Friday recipe: a sweet for your sweetie

February 10, 2012 —

In trying to reduce – or at least control – sugar in my diet, I find it works best to keep a little sweetness on the menu. I’m proud to say I’m at least 12 months’ Krispy Kreme-free; instead, I like to indulge in an occasional piece of Double-Bubble sour apple bubble gum. The sugar-free Werther’s caramel hard candies I keep in a bowl on my desk also are great when I need a smidge of the sweet stuff.

But come on, people, moderation in moderation. And next week brings Valentine’s Day, when many of us like to treat our sweeties – and be treated – to chocolate.

Recipe and photo: eatbetteramerica.com

Don’t opt for the heart-shaped box full of high-fat creams and caramels, though. Instead, show your loved one how much you care by whipping up this relatively light and easy mousse. Each half-cup serving totals 75 calories if you use the sugar-free, fat-free pudding mix (140 calories if you use the “real” kind); make it practically guilt-free by splitting one serving and then going for a romantic walk.

In what healthy ways do you indulge your sweet tooth?

Chocolate espresso mousse

  • 2 tablespoons and 1 cup light chocolate soy milk, divided
  • 1 tablespoon instant espresso powder or instant coffee granules or crystals
  • 1 ounce semisweet or bittersweet baking chocolate
  • 1 box (four-serving size) sugar-free and fat-free chocolate instant pudding mix
  • 2 cups frozen (thawed) fat-free whipped topping

In a small saucepan, stir together 2 tablespoons soy milk, the espresso powder and chocolate. Cook over medium heat, stirring constantly, until chocolate is completely melted and the mixture is well blended. Cool slightly.

In a medium bowl, beat 1 cup soy milk and the pudding mix with an electric mixer on medium speed or wire whisk 1 to 2 minutes, or until mixture is well blended and thickened.

Stir melted chocolate mixture into pudding mixture. Fold in whipped topping. Spoon into 6 individual dessert dishes; serve immediately or refrigerate until serving time. Store covered in the refrigerator.


Endlessly curious and easily entertained, Barb Dietrich Boose loves being a member of the friendly, fascinating DMU community and its creative communications team. The University's publications director and DMU Magazine editor, Barb is always on the hunt for story ideas, good books and new recipes to try out on her family, such as her surprisingly tasty pork-and-bean bars.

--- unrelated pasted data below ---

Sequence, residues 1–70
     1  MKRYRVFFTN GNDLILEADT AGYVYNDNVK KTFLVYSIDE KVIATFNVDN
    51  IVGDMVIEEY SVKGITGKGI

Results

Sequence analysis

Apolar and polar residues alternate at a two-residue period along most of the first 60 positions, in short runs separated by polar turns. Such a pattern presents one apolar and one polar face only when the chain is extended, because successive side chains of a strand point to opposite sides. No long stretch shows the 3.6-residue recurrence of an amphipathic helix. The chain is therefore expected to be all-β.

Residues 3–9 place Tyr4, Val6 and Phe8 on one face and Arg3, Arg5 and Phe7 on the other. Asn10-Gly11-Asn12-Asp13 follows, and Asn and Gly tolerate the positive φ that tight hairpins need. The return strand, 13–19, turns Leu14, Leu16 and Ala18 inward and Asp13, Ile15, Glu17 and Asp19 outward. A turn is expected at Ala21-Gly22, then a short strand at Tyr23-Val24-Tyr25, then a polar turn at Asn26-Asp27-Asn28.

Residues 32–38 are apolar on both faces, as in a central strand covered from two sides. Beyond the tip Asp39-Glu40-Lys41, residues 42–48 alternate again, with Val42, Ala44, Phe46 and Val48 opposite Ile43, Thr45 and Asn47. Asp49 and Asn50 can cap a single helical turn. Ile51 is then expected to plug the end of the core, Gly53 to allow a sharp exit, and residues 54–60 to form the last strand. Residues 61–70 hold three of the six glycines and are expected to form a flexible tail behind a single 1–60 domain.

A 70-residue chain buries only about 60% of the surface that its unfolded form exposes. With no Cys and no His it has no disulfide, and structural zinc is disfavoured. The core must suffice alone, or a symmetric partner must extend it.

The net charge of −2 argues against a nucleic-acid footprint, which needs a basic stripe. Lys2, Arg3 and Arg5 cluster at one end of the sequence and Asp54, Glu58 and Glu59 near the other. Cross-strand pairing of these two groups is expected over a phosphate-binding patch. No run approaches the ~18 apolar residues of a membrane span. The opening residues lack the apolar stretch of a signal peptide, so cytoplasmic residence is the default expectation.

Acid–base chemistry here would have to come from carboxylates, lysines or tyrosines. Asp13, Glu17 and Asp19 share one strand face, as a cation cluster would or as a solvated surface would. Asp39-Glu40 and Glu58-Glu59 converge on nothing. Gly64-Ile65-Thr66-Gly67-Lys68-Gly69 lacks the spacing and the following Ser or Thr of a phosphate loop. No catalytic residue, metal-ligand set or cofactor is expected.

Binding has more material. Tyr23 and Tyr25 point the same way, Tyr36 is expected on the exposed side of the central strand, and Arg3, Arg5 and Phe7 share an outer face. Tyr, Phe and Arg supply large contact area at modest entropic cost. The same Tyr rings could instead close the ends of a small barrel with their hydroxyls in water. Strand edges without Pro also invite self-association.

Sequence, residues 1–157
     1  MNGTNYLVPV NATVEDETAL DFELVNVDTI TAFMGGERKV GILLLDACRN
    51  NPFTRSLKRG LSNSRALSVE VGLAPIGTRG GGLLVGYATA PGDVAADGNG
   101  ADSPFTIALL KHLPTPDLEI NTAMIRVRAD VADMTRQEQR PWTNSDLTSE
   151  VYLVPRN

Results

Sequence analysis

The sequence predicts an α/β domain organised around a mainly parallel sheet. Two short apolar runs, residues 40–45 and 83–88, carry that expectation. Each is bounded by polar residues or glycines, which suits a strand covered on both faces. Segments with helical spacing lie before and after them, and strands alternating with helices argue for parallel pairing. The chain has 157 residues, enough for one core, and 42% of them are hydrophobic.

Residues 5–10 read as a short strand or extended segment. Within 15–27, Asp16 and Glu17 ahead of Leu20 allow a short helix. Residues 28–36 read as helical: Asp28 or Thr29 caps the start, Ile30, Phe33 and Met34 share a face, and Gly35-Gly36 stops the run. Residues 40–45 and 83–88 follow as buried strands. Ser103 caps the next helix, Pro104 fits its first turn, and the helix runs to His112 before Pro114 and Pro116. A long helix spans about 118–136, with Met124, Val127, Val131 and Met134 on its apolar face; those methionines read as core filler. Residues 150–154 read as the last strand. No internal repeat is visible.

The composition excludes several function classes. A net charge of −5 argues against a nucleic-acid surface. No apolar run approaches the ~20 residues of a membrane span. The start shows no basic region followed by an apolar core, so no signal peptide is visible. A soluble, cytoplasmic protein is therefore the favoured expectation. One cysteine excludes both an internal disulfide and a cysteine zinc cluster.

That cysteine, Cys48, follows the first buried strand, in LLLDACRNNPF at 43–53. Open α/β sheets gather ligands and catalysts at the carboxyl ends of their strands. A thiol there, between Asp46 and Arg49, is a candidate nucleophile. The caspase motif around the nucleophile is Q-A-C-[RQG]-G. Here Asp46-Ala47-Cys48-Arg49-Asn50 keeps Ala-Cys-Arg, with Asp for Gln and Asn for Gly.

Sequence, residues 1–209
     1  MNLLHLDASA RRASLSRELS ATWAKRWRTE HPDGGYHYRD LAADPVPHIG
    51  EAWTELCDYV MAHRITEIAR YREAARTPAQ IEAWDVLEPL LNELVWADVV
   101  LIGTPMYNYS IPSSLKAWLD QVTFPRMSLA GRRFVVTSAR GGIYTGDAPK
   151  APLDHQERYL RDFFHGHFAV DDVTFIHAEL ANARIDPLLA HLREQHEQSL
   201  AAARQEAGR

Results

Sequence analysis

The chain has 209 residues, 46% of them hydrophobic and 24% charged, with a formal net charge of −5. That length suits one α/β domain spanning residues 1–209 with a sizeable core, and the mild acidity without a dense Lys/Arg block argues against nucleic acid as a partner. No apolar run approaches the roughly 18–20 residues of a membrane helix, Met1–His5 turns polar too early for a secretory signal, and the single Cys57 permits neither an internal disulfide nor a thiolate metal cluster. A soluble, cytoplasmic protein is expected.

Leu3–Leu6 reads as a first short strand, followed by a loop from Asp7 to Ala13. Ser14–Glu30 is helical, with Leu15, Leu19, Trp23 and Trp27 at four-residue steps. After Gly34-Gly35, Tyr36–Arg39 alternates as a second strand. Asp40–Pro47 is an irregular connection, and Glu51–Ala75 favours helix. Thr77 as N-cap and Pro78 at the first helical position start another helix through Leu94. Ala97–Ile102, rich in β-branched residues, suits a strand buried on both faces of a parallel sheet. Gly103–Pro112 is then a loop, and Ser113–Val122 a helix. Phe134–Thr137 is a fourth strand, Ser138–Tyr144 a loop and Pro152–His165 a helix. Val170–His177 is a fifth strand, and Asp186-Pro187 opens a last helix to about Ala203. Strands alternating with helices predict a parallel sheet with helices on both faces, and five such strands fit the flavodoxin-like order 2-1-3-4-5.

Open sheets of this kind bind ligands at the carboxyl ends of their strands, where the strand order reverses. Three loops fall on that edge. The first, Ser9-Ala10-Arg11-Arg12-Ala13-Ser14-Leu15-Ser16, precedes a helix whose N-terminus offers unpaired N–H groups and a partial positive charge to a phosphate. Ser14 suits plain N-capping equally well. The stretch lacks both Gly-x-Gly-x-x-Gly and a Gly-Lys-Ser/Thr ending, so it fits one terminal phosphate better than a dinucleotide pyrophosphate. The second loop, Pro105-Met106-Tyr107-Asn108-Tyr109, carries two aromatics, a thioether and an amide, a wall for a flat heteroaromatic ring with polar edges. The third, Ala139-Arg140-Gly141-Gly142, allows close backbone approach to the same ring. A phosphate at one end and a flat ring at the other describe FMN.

• William Terrell

    It is truly a necessity to limit our sweets and refined foods. However, your examples are not healthy choices for a few important reasons.
    1. They maintain the bad habit of craving sweets and in the process keep the glycemic metabolism in your body confused. There have been studies that show artificial sweetners have a more destructive effect on glycemic index than regular sucrose.
    2. Artificial sweetners, especially aspartame, are toxic to the liver, hormones & nervous system. And again they keep the person “addicted” to the “need something sweet” habit.
    3. Fat-free has been shown to have a destructive effect on glycemic issues. The gut needs some fat & oil to work properly. Without this dietary fat, it digests & absorbs the carbohydrates too fast and creates a higher glycemic effect. Again, this negative effect leads to stronger fat & sugar cravings.
    Here are a few alternative approaches:
    According to Asian Medicine, the sour flavor can help control sugar cravings. Yes it’s not as tempting but that is the point. Try these:
    1. A bit of lemon or vinegar in some water sipped on after a meal
    2. A few raspberries or blackberries, organic preferably. Berries have a great glycemic index.
    3. A Japanese option is to eat an Umeboshi Plum after the meal. It’s sour and has a great effect on gut health and immune function.
    Most importantly, the person needs to change their mind & appetite about sweets. Sweet & refined foods are very destructive to our health. I have seen that people who acknowlede and eliminate that addiction have wonderful results in their health.